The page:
All in all, not a bad day’s work.  Featuring Craig Schenker on saxophone, Lawrence Crow on Supercollider, Chris Murray on Casio SK1 and various effects, JJ Jones on vocals, Melody Holt on vocals, and myself on tweet-synth and SKI.  I mixed the show live on my Mackie 8 channel mixer and recorded on a Marantz digital field recorder.   Aside from some compression and clicks and pop removal, I did very little post-production work on this show.  You’ll hear it in it’s entirety, warts and all.

While I do wish the festival was more about podcasting (as the name implies) and less about business-focused social media strategies, I’m very pleased with our experience.  (Ironically, that is the strength of the Barcamp principle — it’s about what the attendees and speakers want it to be about.)  The major plus is that it got us tons of free press with write-ups in the Metromix and the Tennessean.  And it was a pleasure to watch some of the other sessions, highlights being David Beronja‘s Skype session, Mitch Canter‘s WordPress session, and Dave Delaney‘s talk about geo-location services such as FourSquare.  Maybe we’ll incorporate Foursquare in a future improv.  (Ideas anyone?)

The tweet-to-speech program was a modified version of this open-source Python program by Jayesh Salvi.  While Jayesh’s program searches for tweets in the logged-in user’s timeline, our program searches tweets based on keywords.  I’m a complete Python programming newbie, and I couldn’t have done the modifications without the help of Bryan Kemp.  I also added some lines to filter out certain words (like our hashtag #pcn10ore) and to replace others  (Festival has an annoying habit of pronouncing the symbol “&” as “ampersand,” thus I replaced the “&”‘s with “and”‘s).

You can download our modified code here. (Right click and “save as”)

If you have Python, Fetival, and Curl (if you don’t, in a Linux command line, run “sudo aptitude install python curl festival”), you can use this script in your own musical adventures.  Feel free to modify it as you will.  To change the keyword, replace “keyword” in the following line with the keyword of your choice.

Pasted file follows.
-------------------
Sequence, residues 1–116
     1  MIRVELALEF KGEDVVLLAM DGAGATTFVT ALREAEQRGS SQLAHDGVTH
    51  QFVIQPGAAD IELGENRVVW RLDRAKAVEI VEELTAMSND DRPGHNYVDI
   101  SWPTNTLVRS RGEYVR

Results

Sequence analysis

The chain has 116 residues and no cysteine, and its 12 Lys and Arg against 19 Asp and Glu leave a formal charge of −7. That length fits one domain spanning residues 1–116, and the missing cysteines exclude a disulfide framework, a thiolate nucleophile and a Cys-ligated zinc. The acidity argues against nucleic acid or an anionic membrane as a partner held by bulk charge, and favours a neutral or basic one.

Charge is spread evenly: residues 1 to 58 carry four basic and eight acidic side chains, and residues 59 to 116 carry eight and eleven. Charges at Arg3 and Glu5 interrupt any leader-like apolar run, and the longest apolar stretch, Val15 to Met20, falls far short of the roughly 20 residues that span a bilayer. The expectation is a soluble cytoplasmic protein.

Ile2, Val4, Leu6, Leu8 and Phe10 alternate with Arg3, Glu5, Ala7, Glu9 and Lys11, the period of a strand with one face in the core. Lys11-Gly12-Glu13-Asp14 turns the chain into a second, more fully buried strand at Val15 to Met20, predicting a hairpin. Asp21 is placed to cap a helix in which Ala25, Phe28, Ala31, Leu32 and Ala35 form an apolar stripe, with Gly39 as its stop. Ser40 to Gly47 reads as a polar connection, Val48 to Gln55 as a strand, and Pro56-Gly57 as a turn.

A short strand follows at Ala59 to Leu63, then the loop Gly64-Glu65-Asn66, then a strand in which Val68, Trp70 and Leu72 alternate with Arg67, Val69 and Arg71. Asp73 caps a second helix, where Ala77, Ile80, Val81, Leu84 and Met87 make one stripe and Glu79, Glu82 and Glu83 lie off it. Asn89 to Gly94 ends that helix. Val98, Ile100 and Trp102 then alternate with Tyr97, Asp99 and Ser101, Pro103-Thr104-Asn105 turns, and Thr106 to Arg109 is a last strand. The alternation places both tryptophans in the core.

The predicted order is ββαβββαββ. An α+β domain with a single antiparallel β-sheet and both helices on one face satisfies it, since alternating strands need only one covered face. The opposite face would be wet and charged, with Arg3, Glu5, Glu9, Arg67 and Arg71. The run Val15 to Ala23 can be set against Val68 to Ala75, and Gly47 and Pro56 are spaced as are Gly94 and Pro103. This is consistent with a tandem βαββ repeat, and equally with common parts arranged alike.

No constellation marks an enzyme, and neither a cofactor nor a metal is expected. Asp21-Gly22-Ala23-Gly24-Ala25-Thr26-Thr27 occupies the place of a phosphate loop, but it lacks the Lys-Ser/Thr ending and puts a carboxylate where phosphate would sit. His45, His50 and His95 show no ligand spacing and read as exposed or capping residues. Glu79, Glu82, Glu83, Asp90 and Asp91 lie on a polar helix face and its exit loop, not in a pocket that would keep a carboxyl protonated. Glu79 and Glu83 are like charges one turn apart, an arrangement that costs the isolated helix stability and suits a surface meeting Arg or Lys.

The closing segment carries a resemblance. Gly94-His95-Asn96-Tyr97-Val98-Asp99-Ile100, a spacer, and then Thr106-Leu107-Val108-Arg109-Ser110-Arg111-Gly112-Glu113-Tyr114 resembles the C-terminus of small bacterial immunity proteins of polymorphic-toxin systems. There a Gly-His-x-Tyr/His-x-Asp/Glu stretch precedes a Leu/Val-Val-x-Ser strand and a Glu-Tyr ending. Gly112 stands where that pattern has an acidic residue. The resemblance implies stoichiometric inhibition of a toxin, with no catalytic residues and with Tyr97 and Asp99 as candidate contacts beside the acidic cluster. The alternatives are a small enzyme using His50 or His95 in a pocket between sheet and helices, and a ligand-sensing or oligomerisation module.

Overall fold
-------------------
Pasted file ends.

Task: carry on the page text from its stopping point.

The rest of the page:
Add a “+” between words if you want to search for multiple keywords (ex. peanut+butter) and a “+OR+” if you want to search for one word or the other (ex. heaven+OR+hell).  Replace “30” with the number of twitter messages you want the program to read before it ends.  I left in the commented-out lines of the original program, so you can experiment.  Future improvements: I’d like this program to automatically filter any tweets previously read through, and, of course, it would be nice to be able to plug in the options from the bash terminal when you run the program instead of in an editor.  I’d love to see what you guys can do with this program.

Jan 312010

Turn the Page featuring Cody Bottoms, Lola Wilson, Gordon Roque, Melody Holt, JJ Jones, Kri, and 24-7.  Originally broadcast on WRVU 01/13/2008.

The idea behind Turn the Page was simple.  Six vocalists were presented with a group of index cards.  Each card had a specific instruction for something to do with their voice.  The card might say, “bark like a dog,” or, “speak German in a sinister voice.”  The card might even say, “Pick up the cd player headphones and hum the melody line you hear.”  (Before the show, I had recorded a few instrumentals using a Casio SK-1 keyboard.)

What results is one of our most entertaining episodes to date and by far the fan favorite.  Turn the Page features the vocal talents of The Human Snowglobe JJ Jones, Lola Wilson and Cody Bottoms from A Parade, Kri, Melody Holt, Gordon Roque, and 24-7 from the Billy Goats for a brief moment at the end.  Right before the show, you’ll hear an unreleased Theatre Intangible promo the band Call It Anything created when they were on the show for an artist showcase.  The background music in the intro is from an episode called Blue Green Black.  We’ll release both in the coming months.

If you like what you hear, please write us a review at iTunes.   Enjoy!